Case Study Senior Citizens

“The service provided was fast, efficient, and effective. I handed things over to Student Loan 411 and didn’t have to worry about the nuisances of ensuring I get the proper payment plan that for my needs. All I had to do was wait for an update and begin paying an amount that I was more than satisfied with paying. They save me money!”

Senior Citizen Borrowers

Senior Citizen Student Loan Borrowers

The student loan crisis is an equal opportunity victimizer.   According to the Federal Reserve Board of NY, senior citizens make up the group with the fastest growing student loan debt.  The number of seniors who are retirement age but still have student loan debt is growing. In the last 10 years, people over the age of 60 had the fastest growing educational loan balances of any age group, growing by more than nine times, from $6 billion in 2004 to $58 billion in 2014.

Dr. Darrell was almost 80, and he had been working since he was 14.  He was tired, and he had a serious illness.

Dr. Darrell earned a Ph.D. degree in his 60’s.  Before and after completing his Ph.D. Dr. Darrell was a school teacher.  He had always wanted to finish his studies.  He loved classroom teaching and didn’t plan to leave it.  But he thought a better education would make him a better teacher.


He finished his Ph.D. in his 60’s with about $60,000 in debt from his program. Then his saga began.  He taught in an urban school district.  He had heard that he could qualify for loan forgiveness for teaching in the classroom.  So, he put his loans in forbearance and went back to teaching.  All the while he was applying for loan forgiveness under this teacher loan forgiveness program.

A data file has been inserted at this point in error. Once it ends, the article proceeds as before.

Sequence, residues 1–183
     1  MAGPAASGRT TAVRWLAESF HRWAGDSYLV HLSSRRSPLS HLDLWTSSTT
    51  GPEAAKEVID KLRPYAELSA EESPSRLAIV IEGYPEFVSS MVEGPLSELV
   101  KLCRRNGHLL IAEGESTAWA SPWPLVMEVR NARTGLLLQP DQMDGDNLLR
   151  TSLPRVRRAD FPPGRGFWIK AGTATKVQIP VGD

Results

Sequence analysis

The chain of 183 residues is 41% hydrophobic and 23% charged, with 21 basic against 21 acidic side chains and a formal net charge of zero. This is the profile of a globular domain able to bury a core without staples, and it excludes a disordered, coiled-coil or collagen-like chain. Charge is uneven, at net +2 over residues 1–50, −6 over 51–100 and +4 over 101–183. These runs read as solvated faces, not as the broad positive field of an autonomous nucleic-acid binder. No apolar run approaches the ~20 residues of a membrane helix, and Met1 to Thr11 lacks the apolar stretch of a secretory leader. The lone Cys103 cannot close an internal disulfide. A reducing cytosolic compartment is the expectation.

He was repeatedly denied.  He didn’t understand the reason why, so he kept applying. He strongly believed he met all of the criteria.  He didn’t know that consolidating his student loans disqualified him from applying for loan forgiveness.   He appealed to the Department of Education.  A decade later, he still hadn’t gotten into the loan forgiveness program and his debt was now up to $190,o00.

The Challenge

Dr. Darrell wants to retire to concentrate on his health and to rest. But he can’t live on his retirement benefits with a $2,100 monthly student loan payment.

The Solution

Student loan payments don’t end when you retire.  They end when you have completed your repayment obligation, no matter how old you are when that happens.  The solution was in income-driven repayment.  Income Driven repayments allow borrowers, even those with retirement incomes to pay back based upon what they earn and not what they borrowed. With his new, affordadable lower payments and loan forgiveness he retired.